I work in a world that can appear very complicated. There are options all around, different ways of thinking about things at every turning, a new methodology just over the horizon and innovations just around the next corner.
Choices upon choices upon choices. Options within options within options.
I’ve been in a number of situations recently where, in response to this complexity, someone has said – “the devil is in the detail”. It’s a common saying which seems to get applied whenever complexity looks like a problem but is it really just cheap shorthand? Is it just an office cliché?
One recently situation was a review meeting where a number of people where looking at a design for a project we’ve been working on. Like all designs it defines a solution to a level. To document it all would be impossible and produce mountains of documentation, so the design focuses on the major elements and defines them to a level to enable understanding. During the review someone said something like “I’m OK with this document, but like all of these things – the devil is in the detail”. Whether it was deliberate or not the individual concerned was communicating “it doesn’t matter how good a job you do you’ll miss something that really important that will make our life difficult later on”.
In another situation someone was explaining to me the various options that existed for a solution to a customers business problem. I needed to be able to understand, at a high level, what the options were. The only way this particular individual could communicate was via the detail – lots of detail. When I tried to summarise what they were telling me their response was “yes, but the devil is in the detail”. or, in other words, “don’t simplify it, it’s too complex”.
These two situations got me thinking – is the devil really in the detail?
When I look back at all of the projects that I’ve conducted and all of the solutions I’ve delivered, how many times has the devil really been in the detail?
And, if we had spent more time on the detail would we have found the devil and removed it?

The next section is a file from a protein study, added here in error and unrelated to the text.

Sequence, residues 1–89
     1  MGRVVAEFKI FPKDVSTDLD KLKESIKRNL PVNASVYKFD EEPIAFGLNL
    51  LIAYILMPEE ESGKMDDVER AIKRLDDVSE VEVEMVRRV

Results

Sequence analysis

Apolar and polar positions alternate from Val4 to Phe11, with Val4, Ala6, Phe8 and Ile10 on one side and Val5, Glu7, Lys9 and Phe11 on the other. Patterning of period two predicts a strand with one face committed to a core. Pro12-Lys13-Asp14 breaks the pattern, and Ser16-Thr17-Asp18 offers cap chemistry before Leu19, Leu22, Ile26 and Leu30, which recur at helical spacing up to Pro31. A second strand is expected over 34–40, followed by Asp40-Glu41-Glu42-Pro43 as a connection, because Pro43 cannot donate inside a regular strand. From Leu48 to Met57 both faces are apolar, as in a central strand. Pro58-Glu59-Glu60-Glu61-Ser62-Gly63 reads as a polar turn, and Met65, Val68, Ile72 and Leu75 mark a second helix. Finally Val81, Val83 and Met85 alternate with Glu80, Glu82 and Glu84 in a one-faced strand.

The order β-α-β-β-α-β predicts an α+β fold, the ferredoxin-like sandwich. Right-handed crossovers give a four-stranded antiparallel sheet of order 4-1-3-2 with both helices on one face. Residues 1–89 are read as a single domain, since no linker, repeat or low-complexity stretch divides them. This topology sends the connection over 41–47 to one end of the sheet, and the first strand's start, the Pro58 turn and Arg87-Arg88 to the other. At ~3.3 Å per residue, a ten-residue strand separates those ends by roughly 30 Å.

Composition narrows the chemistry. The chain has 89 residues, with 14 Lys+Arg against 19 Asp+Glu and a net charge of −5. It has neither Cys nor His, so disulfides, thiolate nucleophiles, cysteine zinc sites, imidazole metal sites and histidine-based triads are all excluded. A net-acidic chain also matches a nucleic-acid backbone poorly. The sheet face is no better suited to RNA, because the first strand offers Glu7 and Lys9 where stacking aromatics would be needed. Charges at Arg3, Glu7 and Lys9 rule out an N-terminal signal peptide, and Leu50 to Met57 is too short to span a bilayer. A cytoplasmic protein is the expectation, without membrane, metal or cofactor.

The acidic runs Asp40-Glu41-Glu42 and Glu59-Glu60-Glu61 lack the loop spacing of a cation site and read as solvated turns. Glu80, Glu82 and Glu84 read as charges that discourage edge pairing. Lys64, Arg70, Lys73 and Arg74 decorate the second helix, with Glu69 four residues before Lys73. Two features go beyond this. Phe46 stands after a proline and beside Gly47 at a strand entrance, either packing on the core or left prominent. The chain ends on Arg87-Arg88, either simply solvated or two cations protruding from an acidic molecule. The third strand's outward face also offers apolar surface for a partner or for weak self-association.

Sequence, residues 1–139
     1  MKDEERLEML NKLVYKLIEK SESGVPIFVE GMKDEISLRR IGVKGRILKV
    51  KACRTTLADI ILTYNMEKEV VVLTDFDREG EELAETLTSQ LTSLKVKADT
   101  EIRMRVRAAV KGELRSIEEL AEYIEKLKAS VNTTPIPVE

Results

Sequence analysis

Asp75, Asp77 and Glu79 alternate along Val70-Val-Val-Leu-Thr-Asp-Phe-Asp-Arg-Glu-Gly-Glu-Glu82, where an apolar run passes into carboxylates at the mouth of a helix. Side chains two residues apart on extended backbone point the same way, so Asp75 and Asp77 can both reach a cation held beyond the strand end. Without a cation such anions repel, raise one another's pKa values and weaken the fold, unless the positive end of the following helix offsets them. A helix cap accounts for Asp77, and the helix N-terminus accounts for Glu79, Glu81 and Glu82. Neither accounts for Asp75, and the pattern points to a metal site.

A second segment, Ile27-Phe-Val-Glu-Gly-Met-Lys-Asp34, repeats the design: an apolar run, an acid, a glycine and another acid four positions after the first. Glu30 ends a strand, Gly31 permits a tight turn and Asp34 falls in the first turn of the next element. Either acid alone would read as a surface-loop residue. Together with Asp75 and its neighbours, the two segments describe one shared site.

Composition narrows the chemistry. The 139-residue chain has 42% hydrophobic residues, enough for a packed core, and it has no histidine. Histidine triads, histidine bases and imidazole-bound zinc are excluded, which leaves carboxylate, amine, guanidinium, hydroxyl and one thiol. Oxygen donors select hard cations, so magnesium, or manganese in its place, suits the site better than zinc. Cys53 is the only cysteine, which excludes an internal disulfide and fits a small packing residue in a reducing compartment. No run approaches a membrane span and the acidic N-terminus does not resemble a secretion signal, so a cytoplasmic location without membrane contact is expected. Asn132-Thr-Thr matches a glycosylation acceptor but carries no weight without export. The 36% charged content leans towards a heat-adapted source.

Or, actually, has the devil really been somewhere else?
Here’s my short conclusion: Sometimes, yes the devil has been in the detail, but normally, no the devil wasn’t down in the detail. And what’s more, where the devil was in the detail it is highly unlikely that would have found that devil by being “more detailed”. The devil wasn’t hiding in the detail we were looking at, he was busy in another bit of detail out of sight..
What I have noticed though, is that more often it’s not in the details that the devil lies – it’s in the overview, the macro, the summary. Or more specifically, it’s in the assumptions that accompany the high level view.
In simpler terms:
When I say x I mean x,
but you assume that when I say x I really mean x + y.
This is where a dichotomy raises it’s head. If the devil is in the summary and the overview, surely the answer is more detail – but actually putting more detail in just adds fuel to the fire of confusion. The detail doesn’t lead to understanding, it leads to blank stairs and nodding unknowing heads.
What can be the answer?
Unfortunately I have no hidden supply of magic bullets, or long lost alchemy, just some observations:
- Simplification is an art that few are skilled in, but it is at the root of the answer.
- Considering all of the options just adds to the perception of complexity.
- Presenting all of the options turns complexity into confusion.
- 1000 options are only 1000 options if you are likely to make a choice. If you aren’t likely to change them then they aren’t options. There are over 1000 routes from here to my house, but only very few of them are realistic choices.
- Pictures are a great way of driving simplicity out of complexity.
- Words need to be used precisely and consistently. Finding the right word can make all the difference, but words soon loose their precise meaning.
- Defend the meaning of words. Once the meaning of a word has been lost there’s no point trying to get it back.
- Projects act like snowballs travelling down a hill. if you start it off in the wrong directions there’s no point in trying change the direction correctly once it’s rolling.
- Communication is another key.